Early Settlement and the Gold Rush

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Early to Mid-1800s

Long before white settlers from the east crossed the Continental Divide, the area that would become Breckenridge was part of the summer hunting grounds of the nomadic White River and Middle Park Ute Native Americans. Although there were a few white trappers and traders roaming the area in the 1840s, the town was developed out of America's mid-nineteenth-century rush to settle the West. In 1859, the Pike's Peak Gold Rush was on, and the discovery of gold in the Breckenridge area brought miners and fortune seekers to the "Blue River Diggings."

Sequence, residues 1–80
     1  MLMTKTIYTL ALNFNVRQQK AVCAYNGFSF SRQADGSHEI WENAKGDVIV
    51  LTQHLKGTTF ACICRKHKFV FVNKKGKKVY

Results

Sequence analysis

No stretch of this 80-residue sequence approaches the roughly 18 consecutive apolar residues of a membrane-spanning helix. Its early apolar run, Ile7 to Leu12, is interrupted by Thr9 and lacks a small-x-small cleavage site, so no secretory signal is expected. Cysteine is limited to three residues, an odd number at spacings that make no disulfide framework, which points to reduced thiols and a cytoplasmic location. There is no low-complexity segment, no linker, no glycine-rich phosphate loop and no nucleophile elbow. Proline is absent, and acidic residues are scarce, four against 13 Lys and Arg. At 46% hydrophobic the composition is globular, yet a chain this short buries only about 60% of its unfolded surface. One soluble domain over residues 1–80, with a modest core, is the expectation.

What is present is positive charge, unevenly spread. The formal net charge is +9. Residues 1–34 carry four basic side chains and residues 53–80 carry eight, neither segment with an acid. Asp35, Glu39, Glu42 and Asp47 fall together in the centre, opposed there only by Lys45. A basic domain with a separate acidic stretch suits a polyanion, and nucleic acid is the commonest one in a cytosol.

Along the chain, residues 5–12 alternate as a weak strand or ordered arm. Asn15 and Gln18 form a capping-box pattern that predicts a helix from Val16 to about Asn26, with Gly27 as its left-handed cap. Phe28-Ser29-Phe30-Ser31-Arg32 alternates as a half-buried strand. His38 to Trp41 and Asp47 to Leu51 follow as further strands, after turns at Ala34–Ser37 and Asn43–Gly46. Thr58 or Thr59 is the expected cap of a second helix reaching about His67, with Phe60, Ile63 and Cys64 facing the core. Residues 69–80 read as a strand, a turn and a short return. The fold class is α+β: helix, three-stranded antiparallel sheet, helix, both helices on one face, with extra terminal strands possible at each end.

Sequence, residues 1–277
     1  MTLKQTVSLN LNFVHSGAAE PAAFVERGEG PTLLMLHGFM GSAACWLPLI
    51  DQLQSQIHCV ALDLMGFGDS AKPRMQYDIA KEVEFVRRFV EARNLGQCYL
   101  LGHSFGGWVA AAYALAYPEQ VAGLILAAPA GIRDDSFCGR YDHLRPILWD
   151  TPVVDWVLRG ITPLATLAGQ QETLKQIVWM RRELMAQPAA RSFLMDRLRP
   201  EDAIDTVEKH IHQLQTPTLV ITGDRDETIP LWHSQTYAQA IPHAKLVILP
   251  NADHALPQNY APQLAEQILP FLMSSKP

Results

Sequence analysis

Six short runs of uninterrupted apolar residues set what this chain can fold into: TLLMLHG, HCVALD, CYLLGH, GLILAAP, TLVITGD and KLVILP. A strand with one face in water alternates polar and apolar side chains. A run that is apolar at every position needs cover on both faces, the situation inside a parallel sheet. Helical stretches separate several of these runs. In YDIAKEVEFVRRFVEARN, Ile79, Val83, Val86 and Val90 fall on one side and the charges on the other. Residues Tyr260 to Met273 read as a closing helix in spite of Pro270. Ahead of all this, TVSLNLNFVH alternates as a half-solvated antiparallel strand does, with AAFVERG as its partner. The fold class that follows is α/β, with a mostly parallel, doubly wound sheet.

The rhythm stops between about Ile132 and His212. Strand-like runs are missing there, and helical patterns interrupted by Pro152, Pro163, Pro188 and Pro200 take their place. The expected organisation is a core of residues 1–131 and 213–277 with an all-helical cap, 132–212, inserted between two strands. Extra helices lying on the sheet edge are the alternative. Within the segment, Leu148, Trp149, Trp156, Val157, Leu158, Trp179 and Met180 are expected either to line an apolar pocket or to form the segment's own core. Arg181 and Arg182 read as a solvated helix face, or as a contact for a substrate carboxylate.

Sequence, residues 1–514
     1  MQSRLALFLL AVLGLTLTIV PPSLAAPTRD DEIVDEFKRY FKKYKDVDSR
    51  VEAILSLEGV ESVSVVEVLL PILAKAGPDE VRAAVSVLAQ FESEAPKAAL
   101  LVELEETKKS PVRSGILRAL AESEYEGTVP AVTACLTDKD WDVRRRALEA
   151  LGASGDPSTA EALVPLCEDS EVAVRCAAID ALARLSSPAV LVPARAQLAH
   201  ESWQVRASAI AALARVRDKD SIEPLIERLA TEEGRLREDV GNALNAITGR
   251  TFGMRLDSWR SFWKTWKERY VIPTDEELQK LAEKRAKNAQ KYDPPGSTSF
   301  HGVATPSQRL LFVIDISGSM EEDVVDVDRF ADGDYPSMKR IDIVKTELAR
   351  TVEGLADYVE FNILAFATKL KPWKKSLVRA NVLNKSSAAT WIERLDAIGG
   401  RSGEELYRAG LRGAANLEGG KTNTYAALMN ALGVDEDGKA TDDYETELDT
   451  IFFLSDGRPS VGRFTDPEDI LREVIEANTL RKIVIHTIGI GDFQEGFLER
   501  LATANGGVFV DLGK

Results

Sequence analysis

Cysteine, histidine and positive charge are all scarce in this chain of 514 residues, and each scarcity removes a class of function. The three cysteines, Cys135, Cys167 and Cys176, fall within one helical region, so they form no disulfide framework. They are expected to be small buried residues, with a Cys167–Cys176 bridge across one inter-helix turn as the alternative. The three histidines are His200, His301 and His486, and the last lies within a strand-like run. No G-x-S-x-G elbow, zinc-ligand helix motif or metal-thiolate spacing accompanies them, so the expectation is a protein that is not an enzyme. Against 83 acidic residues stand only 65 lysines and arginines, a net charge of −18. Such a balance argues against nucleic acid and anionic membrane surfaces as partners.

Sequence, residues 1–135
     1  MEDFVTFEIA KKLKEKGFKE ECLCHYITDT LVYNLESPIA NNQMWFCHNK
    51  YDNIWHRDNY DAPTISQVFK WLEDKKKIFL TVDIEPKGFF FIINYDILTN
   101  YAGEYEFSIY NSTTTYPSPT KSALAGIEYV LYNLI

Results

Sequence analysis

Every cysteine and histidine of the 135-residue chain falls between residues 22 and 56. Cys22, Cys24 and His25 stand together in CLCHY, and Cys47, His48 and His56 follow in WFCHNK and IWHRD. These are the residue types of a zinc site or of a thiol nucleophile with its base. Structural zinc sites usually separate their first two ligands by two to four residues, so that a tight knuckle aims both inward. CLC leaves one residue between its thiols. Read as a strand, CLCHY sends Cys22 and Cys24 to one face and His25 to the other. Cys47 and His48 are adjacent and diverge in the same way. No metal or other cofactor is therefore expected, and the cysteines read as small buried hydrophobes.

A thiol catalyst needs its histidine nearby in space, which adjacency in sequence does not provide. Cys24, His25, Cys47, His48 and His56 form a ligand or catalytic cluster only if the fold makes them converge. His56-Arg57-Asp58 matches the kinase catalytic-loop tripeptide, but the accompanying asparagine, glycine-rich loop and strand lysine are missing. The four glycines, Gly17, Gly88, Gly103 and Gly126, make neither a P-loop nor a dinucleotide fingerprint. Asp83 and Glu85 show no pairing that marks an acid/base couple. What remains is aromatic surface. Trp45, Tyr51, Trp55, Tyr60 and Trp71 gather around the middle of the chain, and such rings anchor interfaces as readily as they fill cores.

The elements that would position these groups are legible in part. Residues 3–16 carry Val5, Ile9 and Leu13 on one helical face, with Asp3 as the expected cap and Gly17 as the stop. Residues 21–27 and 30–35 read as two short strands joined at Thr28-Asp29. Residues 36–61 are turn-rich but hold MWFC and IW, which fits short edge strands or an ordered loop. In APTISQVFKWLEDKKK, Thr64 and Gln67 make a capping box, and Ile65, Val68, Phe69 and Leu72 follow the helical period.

Intent upon locating in the Blue River Valley near Fort Mary B, General George E. Spencer's prospecting company founded the town of "Breckinridge" in November of 1859 and, presumably, named it after President James Buchanan's Vice President, John Cabell Breckinridge (1857-1861).

By June of 1860, a U. S. post office had been granted, and a single row of log cabins, tents, and shanties lined the banks of the Blue River. A Denver, Bradford, and Blue River Wagon Road Company connection was secured in 1861, giving lifeblood to the infant community. That summer, Breckenridge boasted several stores, hotels, and saloons and became the permanent county seat of Summit County, Colorado. But, the Civil War and increasing difficulty in locating free, accessible gold cleared the camp of miners. Consequently, by 1870, the population of Breckenridge had plummeted to 51.